After almost two years in beta, Adobe’s Photoshop on the web service — a simplified online version of the company’s desktop photo editing app — is now generally available starting Wednesday, September 27th. According to information Adobe shared with The Verge, Photoshop on the web is launching with the popular Generative Fill and Generative Expand tools that were recently released for the desktop version of Photoshop.
Powered by Adobe’s Firefly generative AI model, these features are available for commercial use and allow users to quickly add to, remove from, or expand an image using text-based descriptions in over 100 languages, all while matching the original image’s lighting conditions and perspective.
Photoshop on the web also provides many of its desktop equivalent’s most commonly used tools but with a redesigned layout that provides new Photoshop users with a more “streamlined” user experience. This includes the Contextual Task Bar feature — which suggests the most relevant steps to take in your workflow — that was added to the desktop Photoshop app earlier this year.
Tools that share similar workflows — like those used to select objects and retouch images — are named and grouped together on the toolbar to make the software easier to navigate. This view can be disabled for experienced creatives who prefer the look of the desktop version of Photoshop’s user interface. Adobe says that desktop features like the patch tool, pen tool, smart object support, polygonal lasso, and more will be added “soon.”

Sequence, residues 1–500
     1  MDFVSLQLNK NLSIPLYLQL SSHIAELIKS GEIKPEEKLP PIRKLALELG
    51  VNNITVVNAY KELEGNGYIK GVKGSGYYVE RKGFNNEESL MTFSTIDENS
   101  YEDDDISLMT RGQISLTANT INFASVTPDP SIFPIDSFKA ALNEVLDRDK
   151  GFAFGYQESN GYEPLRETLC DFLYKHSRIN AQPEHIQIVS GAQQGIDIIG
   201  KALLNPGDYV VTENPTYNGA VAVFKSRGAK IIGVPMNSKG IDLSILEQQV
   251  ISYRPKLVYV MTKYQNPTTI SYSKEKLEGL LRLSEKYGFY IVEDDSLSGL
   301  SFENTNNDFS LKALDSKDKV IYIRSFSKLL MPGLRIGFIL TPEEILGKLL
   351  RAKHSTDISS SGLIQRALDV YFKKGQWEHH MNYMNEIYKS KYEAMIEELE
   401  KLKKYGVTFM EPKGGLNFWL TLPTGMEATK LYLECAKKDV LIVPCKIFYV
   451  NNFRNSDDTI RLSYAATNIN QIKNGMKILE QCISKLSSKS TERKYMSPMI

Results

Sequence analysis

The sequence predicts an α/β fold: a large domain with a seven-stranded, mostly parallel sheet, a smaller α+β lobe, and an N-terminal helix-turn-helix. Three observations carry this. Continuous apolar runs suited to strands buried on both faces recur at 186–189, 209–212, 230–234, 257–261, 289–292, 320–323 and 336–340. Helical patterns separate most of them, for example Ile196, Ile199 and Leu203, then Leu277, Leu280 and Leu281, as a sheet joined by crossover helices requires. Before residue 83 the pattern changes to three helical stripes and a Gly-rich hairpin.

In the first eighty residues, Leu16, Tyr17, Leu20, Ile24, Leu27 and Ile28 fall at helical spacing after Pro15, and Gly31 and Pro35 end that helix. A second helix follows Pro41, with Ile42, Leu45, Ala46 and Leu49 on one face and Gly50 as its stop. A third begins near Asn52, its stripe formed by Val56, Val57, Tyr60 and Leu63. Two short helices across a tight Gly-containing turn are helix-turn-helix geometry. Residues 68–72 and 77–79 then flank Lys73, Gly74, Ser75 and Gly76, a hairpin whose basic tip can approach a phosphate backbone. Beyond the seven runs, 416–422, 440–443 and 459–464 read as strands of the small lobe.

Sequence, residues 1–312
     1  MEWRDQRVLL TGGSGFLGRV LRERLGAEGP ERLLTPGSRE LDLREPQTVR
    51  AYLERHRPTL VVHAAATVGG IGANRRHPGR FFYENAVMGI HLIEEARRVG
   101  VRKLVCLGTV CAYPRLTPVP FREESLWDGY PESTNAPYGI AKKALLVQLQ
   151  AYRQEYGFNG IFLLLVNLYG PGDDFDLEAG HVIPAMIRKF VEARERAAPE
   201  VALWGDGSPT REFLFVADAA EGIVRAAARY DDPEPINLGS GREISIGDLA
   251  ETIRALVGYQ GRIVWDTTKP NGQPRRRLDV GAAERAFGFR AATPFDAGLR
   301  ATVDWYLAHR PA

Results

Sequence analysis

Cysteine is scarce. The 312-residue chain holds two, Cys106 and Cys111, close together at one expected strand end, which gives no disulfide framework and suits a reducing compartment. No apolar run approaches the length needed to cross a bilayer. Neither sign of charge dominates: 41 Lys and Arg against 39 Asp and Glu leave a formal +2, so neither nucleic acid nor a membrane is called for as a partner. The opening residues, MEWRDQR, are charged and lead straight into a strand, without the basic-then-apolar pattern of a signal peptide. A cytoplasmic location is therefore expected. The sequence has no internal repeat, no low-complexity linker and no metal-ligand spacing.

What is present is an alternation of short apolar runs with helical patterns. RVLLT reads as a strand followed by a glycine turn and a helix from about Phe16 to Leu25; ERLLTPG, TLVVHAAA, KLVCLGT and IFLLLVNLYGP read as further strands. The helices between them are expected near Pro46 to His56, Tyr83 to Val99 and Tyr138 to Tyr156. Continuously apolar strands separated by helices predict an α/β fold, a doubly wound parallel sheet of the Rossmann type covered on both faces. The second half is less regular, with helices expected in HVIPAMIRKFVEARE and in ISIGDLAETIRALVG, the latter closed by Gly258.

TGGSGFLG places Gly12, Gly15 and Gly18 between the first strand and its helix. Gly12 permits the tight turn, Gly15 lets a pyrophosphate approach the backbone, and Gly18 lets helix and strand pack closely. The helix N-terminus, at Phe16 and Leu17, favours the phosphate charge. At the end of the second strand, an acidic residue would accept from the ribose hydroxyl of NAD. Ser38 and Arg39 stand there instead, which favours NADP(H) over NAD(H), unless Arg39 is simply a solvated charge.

Photoshop on the web also enables users to invite others to collaborate on projects and allows those without an active Photoshop description to view and comment on files.
The web-based Photoshop service is included as part of all Photoshop paid plans (which start at $9.99 per month) and will not be available as a free-to-use experience at launch. Adobe started testing a “freemium” version of its Photoshop for the web experience in June last year after the initial beta release of Photoshop for the web in 2021.
The company previously said that it hoped to offer a free version of the service that provided most of Photoshop’s core desktop functions. But Ashley Still, Adobe’s senior vice president of digital media, has now told The Verge that the creative software giant “does not have immediate plans for a freemium offering” and that new users can instead check out Photoshop on the web through “free interactive demos and in-app tutorials” on Adobe’s website before committing to a subscription.